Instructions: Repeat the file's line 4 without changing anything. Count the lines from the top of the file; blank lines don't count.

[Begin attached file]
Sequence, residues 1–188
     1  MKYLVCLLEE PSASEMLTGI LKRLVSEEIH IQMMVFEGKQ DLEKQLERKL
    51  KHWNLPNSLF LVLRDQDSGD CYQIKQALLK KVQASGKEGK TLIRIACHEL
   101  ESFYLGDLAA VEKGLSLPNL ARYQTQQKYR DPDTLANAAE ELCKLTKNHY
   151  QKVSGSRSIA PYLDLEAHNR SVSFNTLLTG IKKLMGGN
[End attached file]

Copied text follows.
   101  ESFYLGDLAA VEKGLSLPNL ARYQTQQKYR DPDTLANAAE ELCKLTKNHY